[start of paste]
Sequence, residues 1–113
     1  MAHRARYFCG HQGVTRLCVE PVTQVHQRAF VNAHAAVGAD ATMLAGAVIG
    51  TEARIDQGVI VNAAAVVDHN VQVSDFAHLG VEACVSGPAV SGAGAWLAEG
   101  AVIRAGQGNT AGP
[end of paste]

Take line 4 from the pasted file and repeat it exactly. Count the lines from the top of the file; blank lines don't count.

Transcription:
   101  AVIRAGQGNT AGP